SLIDE 7 - About a BoyA favorite movie of mine, “About a Boy,” starts with the main character, Will, claiming that Bon Jovi got it wrong and “All men are islands… This is an island age. A hundred years ago, for example, you had to depend on other people. No one had TV or CDs or DVDs or home espresso makers… now you can make yourself a little island paradise.”

Through these couch side purchases and a small fortune off of royalties for a one hit wonder his dad wrote Will does manage to live quite isolated, quite self-centered. But when he reaches outside of his own little corner of the world his life gets much more complicated and much more fulfilling through relationships.  At the end of the movie his view changes and Will restates his theory, SLIDE 8 - Island Chains “Every man is an island. I stand by that. But clearly some men are island CHAINS. Underneath, they are connected.” In the course of the movie Will becomes a friend, mentor, and boyfriend, and is made much more whole through these relationships.

SLIDE 9 – JugglingWe are who we are in context of relationship, like how I am simultaneously a pastor, daughter, and friend. As humans when we try to fully support each role we occupy we can become overwhelmed and feel inadequate. I know I often feel pulled in multiple directions in the different roles I try and live into. This is not the same with God. God is actually able to be all things at the same time.

Anglican pastor Richard Norris explains the Trinity as the way we interact with God through the different roles we are to God and God is to us. He writes that this relationship “is, first of all, a relation of creature to Creator. At the same time, it is a relation of sinner to Redeemer. Finally, it is the relation of one in process of transformation to the Power, which transforms. This is the threefold way in which Christian faith knows and receives the God of the exodus and the resurrection.”[1]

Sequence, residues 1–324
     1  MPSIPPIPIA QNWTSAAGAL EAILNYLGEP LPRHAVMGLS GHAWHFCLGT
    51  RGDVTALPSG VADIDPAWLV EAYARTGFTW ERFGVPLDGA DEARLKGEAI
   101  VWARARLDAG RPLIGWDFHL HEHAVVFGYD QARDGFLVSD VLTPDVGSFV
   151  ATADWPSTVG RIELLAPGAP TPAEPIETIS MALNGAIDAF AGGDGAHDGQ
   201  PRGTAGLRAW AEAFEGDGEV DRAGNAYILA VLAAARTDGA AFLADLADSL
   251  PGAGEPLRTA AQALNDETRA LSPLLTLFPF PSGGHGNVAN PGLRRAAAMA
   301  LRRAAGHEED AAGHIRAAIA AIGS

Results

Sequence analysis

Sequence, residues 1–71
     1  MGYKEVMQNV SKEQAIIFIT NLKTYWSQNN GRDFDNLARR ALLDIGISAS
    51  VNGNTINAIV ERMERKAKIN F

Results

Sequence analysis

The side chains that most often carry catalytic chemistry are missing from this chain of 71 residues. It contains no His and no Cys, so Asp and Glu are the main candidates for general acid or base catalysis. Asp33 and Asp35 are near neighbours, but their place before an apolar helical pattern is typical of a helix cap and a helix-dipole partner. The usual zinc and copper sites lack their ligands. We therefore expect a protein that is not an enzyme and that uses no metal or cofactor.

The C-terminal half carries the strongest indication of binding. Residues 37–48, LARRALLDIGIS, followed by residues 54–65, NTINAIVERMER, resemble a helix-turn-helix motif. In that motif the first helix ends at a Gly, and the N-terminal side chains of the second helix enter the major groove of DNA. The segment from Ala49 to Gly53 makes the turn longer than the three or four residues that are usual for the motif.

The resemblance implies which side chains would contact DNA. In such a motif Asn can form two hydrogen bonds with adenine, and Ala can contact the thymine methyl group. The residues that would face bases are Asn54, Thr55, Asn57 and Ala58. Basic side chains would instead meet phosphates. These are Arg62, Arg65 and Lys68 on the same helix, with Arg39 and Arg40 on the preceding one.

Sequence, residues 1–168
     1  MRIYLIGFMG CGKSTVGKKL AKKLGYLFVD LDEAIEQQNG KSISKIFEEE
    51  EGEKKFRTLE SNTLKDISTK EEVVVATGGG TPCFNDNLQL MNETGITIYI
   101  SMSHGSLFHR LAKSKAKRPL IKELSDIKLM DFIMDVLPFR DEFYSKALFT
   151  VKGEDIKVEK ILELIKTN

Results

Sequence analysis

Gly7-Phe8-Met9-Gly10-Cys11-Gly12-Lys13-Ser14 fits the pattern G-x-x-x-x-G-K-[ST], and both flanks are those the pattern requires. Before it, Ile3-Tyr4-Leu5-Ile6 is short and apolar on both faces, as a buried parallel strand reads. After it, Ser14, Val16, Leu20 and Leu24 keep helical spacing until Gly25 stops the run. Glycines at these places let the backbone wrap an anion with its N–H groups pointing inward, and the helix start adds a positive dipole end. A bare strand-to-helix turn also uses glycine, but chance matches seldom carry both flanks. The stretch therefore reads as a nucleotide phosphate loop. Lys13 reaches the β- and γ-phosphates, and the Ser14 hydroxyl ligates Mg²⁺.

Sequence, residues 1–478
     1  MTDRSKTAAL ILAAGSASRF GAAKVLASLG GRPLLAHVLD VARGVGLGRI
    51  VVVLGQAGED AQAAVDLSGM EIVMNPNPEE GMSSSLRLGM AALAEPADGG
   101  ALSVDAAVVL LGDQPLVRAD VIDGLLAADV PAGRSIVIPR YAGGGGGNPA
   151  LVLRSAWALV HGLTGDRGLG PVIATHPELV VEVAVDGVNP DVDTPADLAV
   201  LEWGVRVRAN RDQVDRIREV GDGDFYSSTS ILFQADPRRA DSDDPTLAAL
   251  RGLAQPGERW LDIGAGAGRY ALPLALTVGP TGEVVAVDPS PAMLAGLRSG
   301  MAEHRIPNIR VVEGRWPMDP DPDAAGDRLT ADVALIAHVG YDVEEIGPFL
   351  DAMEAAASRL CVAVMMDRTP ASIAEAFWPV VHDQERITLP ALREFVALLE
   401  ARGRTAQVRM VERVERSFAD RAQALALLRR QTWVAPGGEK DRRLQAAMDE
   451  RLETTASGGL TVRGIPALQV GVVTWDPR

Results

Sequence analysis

Senkaku isles in JapanKnowing God as creator, redeemer, and transformer expands our island chain of connection with God. By relating to God in these different ways we are better able to see below the surface of connection into the depth of relationship.

Oxygen Volume 14It means something different to me to know that God created me. When I acknowledge God as creator I have to also acknowledge being created in God’s own image. This forces me into the sometimes uncomfortable knowledge that how I look is exactly what God intended. That God is revealed through who I am, how I am, what I am. This is simultaneously daunting and empowering. This person in front of you, and all of these people gathered here are a reflection of the “good” ness God proclaimed at creation. You are good. You are in God’s image. Understanding God as creator is also knowing God as all knowing, all encompassing. Psalm 34:18 refers to God as close to the brokenhearted. This is God the parent who weeps with us, loves us in our brokenness and in the sorrow of our human experience.